Saturday, April 30, 2016

Well, it's been nearly a month since I asked you to stay tuned... I was hoping to post pictures of the completed siding the very next week, but sadly the construction business isn't all about me, and the carpenters needed to be elsewhere for a while, so the siding just got completed yesterday.

They still have a little trim to add, and of course all the yellow will become green like the rest of the house. Covering the pillars with tapered columns and stone bases is my job, so that may take a little while.  It's on my list!

It isn't like nothing got done for the last few weeks... we got:


Beautiful natural red oak, three inches wide.  Narrow oak hardwood flooring is what you found in old houses and bungalows, and since I'm trying to prematurely age mine, I had to have it.

Tile will go in the empty square, as a base for the woodstove.  There will also be some cool retro tile in the bathroom and laundry, and a material called Marmoleum in the kitchen and dining nook.  This is basically old fashioned linoleum.  Not that cheesy vinyl we all lived with in the 70s and 80s; real linoleum, made entirely of natural materials, right down to the jute backing.  It's said of Marmoleum that it came from the earth and can go right back there when you're done with it.  Hopefully that won't be in my lifetime.

The swirly stuff is the Marmoleum.  I chose a light oak color to kind of go with the wood, and the dining room will have a little red trim.


Kitchen and bathroom cabinets are my responsibility, so I've been working on them in the new shop. The base cabinet boxes are the first things that need to be installed, so I did those first.  I'll build doors, drawers, and wall cabinets next.

Taking up a lot of room in the shop
Sink Side
Here's what they're supposed to look like.

Stove Side

The bathroom gets a little vanity built low, to accommodate a "vessel" sink:


Some cool porch lights

Both the shop and the house get these.  Happily they come in 
two sizes, so the ones for the shop are just a little smaller than the ones for the house, which scales well with the buildings.


An attic ladder

And a little awning for the shop door.

Clashes a bit with the green paint, but it will come in handy in the rain.


Staining interior doors also became my job when I decided I wanted varnished oak doors instead of plain painted ones.  I rigged up a rotating jig in the shop so I can work on both sides at once.

There are fourteen doors!  What was I thinking??

I'm using a combination of shellac and gel stain to get a kind of two-tone "old door" look.

A new coffee roaster!

My old roaster was dying, so I decided to treat myself to a new one.  This one is much more civilized than the last one, which was basically a hot-air popcorn popper.  The old one served me well for many years, but this one is much more controlled and can roast up to a pound at a time.
Speaking of pounds, it came with eight pounds of green coffee for me to play with!

Grand kids

A couple of the kids came out one weekend for some target practice against the dirt pile, and Ace spent one night teaching me how to lose money at blackjack.  Beans and weenies for dinner.

Future Horse Arena
Ace is hopefully getting a mustang in June, and she asked for a big arena where she could gallop him around, so this was today's project with the old Ford tractor.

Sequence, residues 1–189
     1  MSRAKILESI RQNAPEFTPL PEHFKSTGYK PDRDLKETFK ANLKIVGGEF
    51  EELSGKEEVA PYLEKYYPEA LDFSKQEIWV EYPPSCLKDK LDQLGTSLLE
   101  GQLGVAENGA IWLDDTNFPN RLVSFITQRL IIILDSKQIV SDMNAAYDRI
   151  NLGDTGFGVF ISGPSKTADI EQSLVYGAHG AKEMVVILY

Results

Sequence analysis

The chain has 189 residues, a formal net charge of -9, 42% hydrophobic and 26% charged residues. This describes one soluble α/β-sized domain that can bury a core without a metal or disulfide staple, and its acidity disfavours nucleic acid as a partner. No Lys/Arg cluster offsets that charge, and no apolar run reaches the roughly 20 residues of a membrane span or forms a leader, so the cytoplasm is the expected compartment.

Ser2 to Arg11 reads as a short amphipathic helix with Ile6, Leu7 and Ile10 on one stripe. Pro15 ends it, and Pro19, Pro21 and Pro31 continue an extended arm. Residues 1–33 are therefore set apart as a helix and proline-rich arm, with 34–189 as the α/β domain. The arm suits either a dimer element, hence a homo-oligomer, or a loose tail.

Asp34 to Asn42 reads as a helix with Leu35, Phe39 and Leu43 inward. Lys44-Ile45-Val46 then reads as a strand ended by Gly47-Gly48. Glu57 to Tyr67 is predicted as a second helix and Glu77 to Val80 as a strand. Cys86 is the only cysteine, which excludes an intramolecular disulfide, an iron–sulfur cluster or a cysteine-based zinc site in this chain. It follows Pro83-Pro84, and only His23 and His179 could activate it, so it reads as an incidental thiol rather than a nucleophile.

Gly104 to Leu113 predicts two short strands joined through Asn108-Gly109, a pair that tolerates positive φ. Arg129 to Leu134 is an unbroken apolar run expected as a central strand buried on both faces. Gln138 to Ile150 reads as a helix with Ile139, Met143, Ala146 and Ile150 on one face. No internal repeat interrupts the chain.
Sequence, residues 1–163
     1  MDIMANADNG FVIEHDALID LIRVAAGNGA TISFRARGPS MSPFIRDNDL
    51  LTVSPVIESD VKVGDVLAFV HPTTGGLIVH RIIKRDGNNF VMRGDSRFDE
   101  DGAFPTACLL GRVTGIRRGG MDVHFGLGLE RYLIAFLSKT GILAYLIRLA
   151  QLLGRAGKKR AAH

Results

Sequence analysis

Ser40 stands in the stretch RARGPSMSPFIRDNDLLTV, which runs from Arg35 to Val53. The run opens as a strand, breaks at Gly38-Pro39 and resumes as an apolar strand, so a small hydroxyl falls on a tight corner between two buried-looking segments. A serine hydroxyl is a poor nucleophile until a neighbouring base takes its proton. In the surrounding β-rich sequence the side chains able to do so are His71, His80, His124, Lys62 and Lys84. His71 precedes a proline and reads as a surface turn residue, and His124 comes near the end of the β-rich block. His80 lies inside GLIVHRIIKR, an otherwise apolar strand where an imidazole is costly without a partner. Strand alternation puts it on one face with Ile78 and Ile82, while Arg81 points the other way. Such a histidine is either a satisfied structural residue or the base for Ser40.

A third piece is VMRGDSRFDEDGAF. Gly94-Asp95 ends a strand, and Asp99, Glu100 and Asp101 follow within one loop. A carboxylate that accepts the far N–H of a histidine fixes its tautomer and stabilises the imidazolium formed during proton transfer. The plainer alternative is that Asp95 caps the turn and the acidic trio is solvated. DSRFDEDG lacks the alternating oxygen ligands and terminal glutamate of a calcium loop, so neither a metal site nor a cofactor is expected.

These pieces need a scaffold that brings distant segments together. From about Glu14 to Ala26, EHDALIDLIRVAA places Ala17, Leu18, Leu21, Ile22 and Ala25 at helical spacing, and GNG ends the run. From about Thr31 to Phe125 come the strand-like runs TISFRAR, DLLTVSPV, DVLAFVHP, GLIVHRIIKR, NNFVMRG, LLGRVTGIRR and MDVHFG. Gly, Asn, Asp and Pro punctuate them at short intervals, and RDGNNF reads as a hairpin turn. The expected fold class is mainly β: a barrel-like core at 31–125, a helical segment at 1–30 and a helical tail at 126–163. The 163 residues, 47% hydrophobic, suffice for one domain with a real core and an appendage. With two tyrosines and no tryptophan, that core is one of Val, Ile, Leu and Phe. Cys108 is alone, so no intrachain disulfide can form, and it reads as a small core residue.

It's going on eight months since we broke ground for this project, and it's teaching me patience and perseverance.  I'm learning patience from these guys, who seem to travel enormous distances, a little bit at a time.

And for a lesson in perseverance and determination I was presented with this little bouquet growing right out of the solid rock.  It caught my eye as I was driving about half a mile from my place, and had to stop for a closer look.

So life is good in Sábado.  Molly and I take our walks down to the mailbox every day at sundown, and if the weather is nice, I toast the sunset with a glass of what my friend John calls "warm flat English beer."

Stay tuned!

Monday, April 4, 2016

Good Fortune to This House

Somewhere along the way, maybe when I worked in the boat yard, I learned that it was customary to put a coin under the mast of a new ship to bring good luck to the vessel.  I also learned that it was sometimes done with buildings as well, so about 15 years ago, when my favorite Brits John & Anne were building a new house, I put a coin under what would become their threshold.

Now that I'm building a house of my own, they've sent me a coin to put under my threshold.

To further ensure the future of the house, dear friends Sarah and Scott have also sent me a coin from Italy.

My oldest friends, Bruce and Nancy, who live in Washington State, sent me a Washington State quarter along with this Wikipedia explanation of the custom:

The ceremonial practice is believed to originate from ancient Rome. One theory is that, due to the dangers of early sea travel, the coins were placed under the mast so the crew would be able to cross to the afterlife if the ship were sunk. The Romans believed it was necessary for a person to take coins with them to pay Charon, in order to cross the river Styx to the afterlife and as a result of this,coins were placed in the mouths of the dead before they were buried.[3] Another theory for this practice is that the insertion of coins in buildings and ships may have functioned as a form of sacrifice thanking the gods for a successful construction, or a request for divine protection in the future.[4][5]

Bruce's coin has gone under the threshold of the shop, because since I'll probably spend most of my time there, that building needs protection too!

Lots of progress on the siding and painting.  By next week, both of those should be done.  Stay tuned for more pictures. Here's a sneak preview: